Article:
To some degree I have always tried to live intentionally and purposefully. I try not do things without understanding that everything I do is a decision and a choice. When I decide to do one thing I am always choosing not to do something else. Our lives are finite and opportunity cost is always inevitable.
At certain times of the year intention and purpose may waver. May be it is a last ditch attempt to stave off decision fatigue. May be it’s the expectations of the masses that make the switch to auto pilot the inevitable outcome. Whatever it is, Christmas is one of those times when even I find it hard not to end up following the crowed, feeling like I don’t have a choice. We spending money “just in case”.
“It’s Christmas, the supermarket might shut for more that 24hrs.”
“We can’t run out of milk, bread, cheese, alcohol.”
I find myself asking myself questions like: –
“How much pate will we need?”
“Do we have enough vodka?”
“Will a small turkey really be big enough?”
Typing those questions out now the answers seem so obvious and completely trivial but at the time they seem overwhelmingly important. I did actually stand in the chiller isle of my supermarket deliberating on what and how much pate to purchase. Should I go for the multi buy option? Should I get the cheaper product or the special Christmas range? I checked best before dates and ingredient lists. I compared this pate to that pate, did it come in plastic or glass. In the end what I went for was too much pate and a bit extra just in case. The amazing thing is that I was surrounded by shoppers doing very similar things. In fact the supermarket was filled with shoppers purchasing too much, while outside sun would not be rising for at least another hour.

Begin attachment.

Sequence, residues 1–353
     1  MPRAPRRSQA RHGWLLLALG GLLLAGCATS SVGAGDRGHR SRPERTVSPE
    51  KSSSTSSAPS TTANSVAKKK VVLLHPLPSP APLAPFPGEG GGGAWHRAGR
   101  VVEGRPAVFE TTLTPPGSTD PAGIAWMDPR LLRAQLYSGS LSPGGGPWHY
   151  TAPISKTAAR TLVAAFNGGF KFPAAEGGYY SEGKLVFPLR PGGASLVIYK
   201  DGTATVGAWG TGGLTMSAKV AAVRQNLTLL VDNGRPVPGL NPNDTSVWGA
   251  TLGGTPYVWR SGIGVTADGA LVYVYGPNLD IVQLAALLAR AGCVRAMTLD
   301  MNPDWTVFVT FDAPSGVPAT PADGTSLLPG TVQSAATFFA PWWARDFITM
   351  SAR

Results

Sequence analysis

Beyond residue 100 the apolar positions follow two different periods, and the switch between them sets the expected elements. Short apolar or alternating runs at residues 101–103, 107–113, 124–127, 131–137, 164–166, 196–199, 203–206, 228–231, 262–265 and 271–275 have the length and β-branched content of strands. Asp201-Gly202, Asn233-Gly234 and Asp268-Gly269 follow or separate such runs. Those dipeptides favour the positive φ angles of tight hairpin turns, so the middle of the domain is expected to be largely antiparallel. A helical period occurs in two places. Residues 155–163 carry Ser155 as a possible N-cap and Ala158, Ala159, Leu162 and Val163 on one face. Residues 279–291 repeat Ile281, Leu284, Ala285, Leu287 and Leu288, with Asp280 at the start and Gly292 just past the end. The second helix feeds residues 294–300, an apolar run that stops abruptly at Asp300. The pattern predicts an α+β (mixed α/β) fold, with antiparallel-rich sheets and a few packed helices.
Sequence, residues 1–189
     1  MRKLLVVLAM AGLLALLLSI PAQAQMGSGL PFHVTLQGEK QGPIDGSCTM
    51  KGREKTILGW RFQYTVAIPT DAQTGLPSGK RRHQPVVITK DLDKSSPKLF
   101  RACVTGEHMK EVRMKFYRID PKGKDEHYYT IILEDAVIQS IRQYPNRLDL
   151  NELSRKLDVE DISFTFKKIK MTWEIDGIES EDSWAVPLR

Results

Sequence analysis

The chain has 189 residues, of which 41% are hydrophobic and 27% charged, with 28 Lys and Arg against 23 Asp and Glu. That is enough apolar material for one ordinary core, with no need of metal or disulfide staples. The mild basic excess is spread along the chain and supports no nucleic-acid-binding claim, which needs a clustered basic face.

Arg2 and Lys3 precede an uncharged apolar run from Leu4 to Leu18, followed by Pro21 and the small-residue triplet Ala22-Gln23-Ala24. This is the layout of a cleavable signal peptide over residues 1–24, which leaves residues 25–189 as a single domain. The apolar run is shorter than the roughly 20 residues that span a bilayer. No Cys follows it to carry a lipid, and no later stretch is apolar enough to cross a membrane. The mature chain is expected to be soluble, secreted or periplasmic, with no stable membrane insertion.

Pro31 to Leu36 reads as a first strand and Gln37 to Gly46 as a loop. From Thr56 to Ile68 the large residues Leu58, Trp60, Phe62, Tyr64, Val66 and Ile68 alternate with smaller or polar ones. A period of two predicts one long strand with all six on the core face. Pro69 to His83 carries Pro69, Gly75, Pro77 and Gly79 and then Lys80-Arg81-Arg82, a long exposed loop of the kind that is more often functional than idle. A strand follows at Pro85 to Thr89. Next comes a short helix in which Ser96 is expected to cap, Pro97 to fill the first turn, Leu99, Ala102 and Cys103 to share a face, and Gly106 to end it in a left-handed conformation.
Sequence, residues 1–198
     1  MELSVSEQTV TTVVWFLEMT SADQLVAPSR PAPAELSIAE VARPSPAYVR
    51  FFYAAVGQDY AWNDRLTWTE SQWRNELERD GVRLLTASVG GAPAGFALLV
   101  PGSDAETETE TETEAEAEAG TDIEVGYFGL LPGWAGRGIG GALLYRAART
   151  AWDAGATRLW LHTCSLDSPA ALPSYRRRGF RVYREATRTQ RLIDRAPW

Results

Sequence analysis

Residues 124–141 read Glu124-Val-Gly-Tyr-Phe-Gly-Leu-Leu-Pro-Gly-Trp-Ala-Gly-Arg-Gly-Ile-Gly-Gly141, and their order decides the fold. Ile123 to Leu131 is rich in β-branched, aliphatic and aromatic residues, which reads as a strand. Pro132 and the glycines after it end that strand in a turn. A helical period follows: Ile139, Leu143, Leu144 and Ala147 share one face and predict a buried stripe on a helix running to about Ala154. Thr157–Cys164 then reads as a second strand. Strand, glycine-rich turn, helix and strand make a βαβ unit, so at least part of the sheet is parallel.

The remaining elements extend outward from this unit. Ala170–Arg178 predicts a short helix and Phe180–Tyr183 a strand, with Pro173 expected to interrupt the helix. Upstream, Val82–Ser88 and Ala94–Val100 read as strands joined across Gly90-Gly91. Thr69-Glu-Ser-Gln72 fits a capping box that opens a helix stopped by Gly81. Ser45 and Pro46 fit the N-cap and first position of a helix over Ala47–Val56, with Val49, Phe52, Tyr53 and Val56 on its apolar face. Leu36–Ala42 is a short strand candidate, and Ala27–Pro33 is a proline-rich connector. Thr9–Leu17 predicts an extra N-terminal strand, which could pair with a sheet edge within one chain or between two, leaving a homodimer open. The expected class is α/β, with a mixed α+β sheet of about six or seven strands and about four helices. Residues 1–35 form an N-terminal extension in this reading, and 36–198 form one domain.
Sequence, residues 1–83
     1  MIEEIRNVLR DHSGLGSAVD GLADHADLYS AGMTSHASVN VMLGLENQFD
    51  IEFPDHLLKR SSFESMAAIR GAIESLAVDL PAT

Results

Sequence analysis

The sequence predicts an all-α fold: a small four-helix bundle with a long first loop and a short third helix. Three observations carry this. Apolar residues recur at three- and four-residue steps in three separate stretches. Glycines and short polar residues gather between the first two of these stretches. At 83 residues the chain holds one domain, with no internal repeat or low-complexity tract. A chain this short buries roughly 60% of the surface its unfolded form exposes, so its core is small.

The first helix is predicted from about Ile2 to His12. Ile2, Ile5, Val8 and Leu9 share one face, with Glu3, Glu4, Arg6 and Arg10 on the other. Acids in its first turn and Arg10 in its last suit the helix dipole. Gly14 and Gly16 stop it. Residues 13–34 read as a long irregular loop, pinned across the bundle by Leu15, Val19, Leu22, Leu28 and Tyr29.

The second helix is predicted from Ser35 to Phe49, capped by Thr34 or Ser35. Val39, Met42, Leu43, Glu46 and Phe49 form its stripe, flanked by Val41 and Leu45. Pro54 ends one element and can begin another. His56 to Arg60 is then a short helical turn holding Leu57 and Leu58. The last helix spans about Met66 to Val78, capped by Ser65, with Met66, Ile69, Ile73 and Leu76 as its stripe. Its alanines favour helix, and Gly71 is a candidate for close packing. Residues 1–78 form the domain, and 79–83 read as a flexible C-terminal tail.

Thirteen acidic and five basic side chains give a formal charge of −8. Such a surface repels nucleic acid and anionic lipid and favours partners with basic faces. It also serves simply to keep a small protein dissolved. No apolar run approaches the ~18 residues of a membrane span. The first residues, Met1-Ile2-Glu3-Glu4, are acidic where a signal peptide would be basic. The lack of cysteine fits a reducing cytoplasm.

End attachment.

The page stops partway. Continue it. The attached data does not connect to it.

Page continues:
In the end it is far easier just to buy too much the because come January we can just discard any food that is no longer in date and put the dregs of alcohol on the shelf with the dusty bottles still left over from the previous year.
We made some decisions prior to December that allowed us, to some degree to side step some of the holiday consumerism traps. We didn’t buy any spirits. We have a selection of left over drinks on our drinks shelf that in some cases we have had for over a year. Some have been gifted to us and some we have bought on holiday. As some people may do at Christmas, we tend to drink more than we usually do, but guess what? We didn’t run out of anything. There are still unopened bottles on the shelf and we wont be pouring half a bottle of advocaat down the sink in six months time.
We did overspend and we did buy too much food but now we can make the decisions about what to do about it.
If we over-spend on food in December is it possible to under-spend in January? We have set ourselves the challenge to only spend £10 per week on our food shop. We have so much food left over from Christmas we only need to top this up with a few fresh items and we should be able to eat like kings for at least a few weeks. We will probably have less variety in our food choice, we need to be more vigilant with use by dates and I need to take stock of what is actually in the freezer.
So far we have managed to stick to our budget. We have thrown very little food away, we have save ourselves time and money and we are still eating a nutritious, tasty food, breakfast, lunch and dinner.
Hopefully we can keep this up for at least another couple of weeks or until our Christmas reserves are truly depleted.